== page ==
Fos­ter chil­dren once again pawns in game of po­lit­i­cal pos­tur­ing

Calhoun Times - - OBITUARIES - Dick Yar­brough

I have a great in­ter­est in and a lit­tle walkingaround knowl­edge of the po­lit­i­cal process be­cause I have spent a good part of my adult life deal­ing with the sub­ject.

I also pro­duce this weekly screed that runs from one end of the state (LaFayette) to the other (Folk­ston) and a lot of places in be­tween. I haven’t run the num­bers in a while, but I sus­pect I re­main the most widely cir­cu­lated colum­nist in the state. If not, I am pretty darned close.

De­spite these two in­ter­est­ing fac­toids, I am pretty much out-of-sight and out-of-mind with a lot of our in­trepid pub­lic ser­vants un­der the Gold Dome (ex­cept the re­ally as­tute ones). That is be­cause I don’t spend a lot of time at the Capi­tol. That is a good thing for you.

Be­ing at arm’s length gives me a dif­fer­ent per­spec­tive as to what is go­ing on un­der the Gold Dome, which brings me to my sub­ject of the week: Up­dat­ing Ge­or­gia’s an­ti­quated adop­tion laws. Once again this ses­sion, the issue is be­ing held hostage by the state Se­nate and, in my opin­ion, much of that is due to the fact that this is an elec­tion year and some of the prin­ci­pal play­ers are run­ning for higher of­fice.

There is no ques­tion the state code needs up­dat­ing. The last up­date was in 1990, due mainly to the ef­forts of a state sen­a­tor by the name of Nathan Deal. To­day, the av­er­age time for fos­ter care adop­tion in Ge­or­gia is more than two-and-a- half years, or more than twice the time na­tion­ally.

Last year, a com­pre­hen­sive adop­tion bill, spon­sored by Rep. Bert Reeves, R-Cobb County, with in­put from the Ge­or­gia Coun­cil of Adop­tion Lawyers, the state Depart­ment of Fam­ily and Chil­dren Ser­vices, the Coun­cil of Su­pe­rior Court Judges and a num­ber of adop­tion agen­cies was sab­o­taged late in the leg­isla­tive ses­sion by a group of state sen­a­tors, led by state Sen. Wil­liam Ligon, R-Brunswick, in a clumsy po­lit­i­cal ef­fort to en­sure mis­sion-based adop­tion agen­cies did not have to place chil­dren with same­sex par­ents.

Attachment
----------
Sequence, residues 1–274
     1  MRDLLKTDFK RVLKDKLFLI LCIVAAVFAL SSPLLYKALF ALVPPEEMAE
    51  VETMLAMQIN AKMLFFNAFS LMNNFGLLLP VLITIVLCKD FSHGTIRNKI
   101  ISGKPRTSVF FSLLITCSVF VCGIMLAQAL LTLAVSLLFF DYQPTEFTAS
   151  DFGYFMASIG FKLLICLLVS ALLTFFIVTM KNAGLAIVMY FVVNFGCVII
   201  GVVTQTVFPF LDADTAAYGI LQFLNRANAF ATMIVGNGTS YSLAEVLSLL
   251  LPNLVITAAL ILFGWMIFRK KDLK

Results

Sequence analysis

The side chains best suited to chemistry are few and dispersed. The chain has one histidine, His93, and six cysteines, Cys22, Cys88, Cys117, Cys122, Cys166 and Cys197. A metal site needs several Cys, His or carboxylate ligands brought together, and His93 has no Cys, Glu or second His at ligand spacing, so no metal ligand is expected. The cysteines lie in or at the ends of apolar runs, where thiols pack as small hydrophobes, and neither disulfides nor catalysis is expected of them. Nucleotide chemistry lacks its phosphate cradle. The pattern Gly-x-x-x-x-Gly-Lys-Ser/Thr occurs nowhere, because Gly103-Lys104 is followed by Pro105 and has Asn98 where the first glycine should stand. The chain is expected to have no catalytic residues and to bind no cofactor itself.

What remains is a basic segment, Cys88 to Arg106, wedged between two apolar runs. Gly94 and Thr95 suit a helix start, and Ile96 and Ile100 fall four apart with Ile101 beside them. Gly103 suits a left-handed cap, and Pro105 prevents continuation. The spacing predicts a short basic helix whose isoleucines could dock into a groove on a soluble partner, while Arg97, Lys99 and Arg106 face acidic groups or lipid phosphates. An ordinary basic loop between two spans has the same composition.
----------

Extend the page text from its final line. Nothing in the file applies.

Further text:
I said at the time and I say again, if this mat­ter was of such con­cern to Ligon and oth­ers, it could have been ad­dressed ear­lier in the ses­sion, in­stead of sneaked in at the last minute.

Fast-for­ward to this year. The same bill made its way through the House and when it got to the Se­nate, an­other bill, HB 359 was at­tached to it, a mea­sure that among other things, gives a par­ent the power of at­tor­ney to trans­fer their child to a fam­ily mem­ber or a faith­based agency for a pe­riod not to ex­ceed a year. Nice in con­cept maybe, but the prob­lem is that this bill was ve­toed last year by Gov. Deal, who called it an “unchecked sys­tem” that put chil­dren at risk. What is to say he won’t veto it again this year?

The ef­fort this year to at­tach a pre­vi­ously ve­toed bill onto the House bill is be­ing pushed by Lt. Gov. Casey Ca­gle, who to most po­lit­i­cal ob­servers, in­clud­ing me, is the lead horse in the race to re­place Deal. I like Casey Ca­gle per­son­ally, but I don’t like what he is do­ing.

Lest I be mis­un­der­stood, write this down: I have less prob­lem with his pro­posal than I do with his tim­ing. He and his col­leagues in the Se­nate have had a year to work this issue out with the House, as Gov. Deal had sug­gested they do in his veto mes­sage. At worst, Ca­gle could have in­tro­duced a sep­a­rate mea­sure to deal with his con­cerns while the state got its an­ti­quated adop­tion code up­dated. Why wait un­til now and at­tach a po­ten­tially toxic mea­sure to the House adop­tion bill? It’s the elec­tions, stupid. Time to play up to your base. In this case, the “faith-based” crowd.

Ca­gle as­serts the Se­nate is work­ing on lan­guage mod­i­fi­ca­tions that will as­suage Gov. Deal’s con­cerns. I am told that that ef­fort isn’t as far along as Ca­gle claims. But, does it mat­ter? If the gov­er­nor again ve­toes the bill and that in turn scut­tles the up­date of the adop­tion code, Ca­gle can put the blame on the gov­er­nor while tak­ing credit for giv­ing it the old col­lege try.

Oh, and the 13,000 fos­ter kids in Ge­or­gia await­ing adop­tion? Once again, they are pawns in a game of po­lit­i­cal pos­tur­ing. You don’t have to spend a lot of time at the Gold Dome to un­der­stand that. What a pity.

You can reach Dick Yar­brough at dick@ dick­yarbrough. com; at P.O. Box 725373, At­lanta, Ge­or­gia 31139 or on Face­book at www.face­book. com/dick­yarb.

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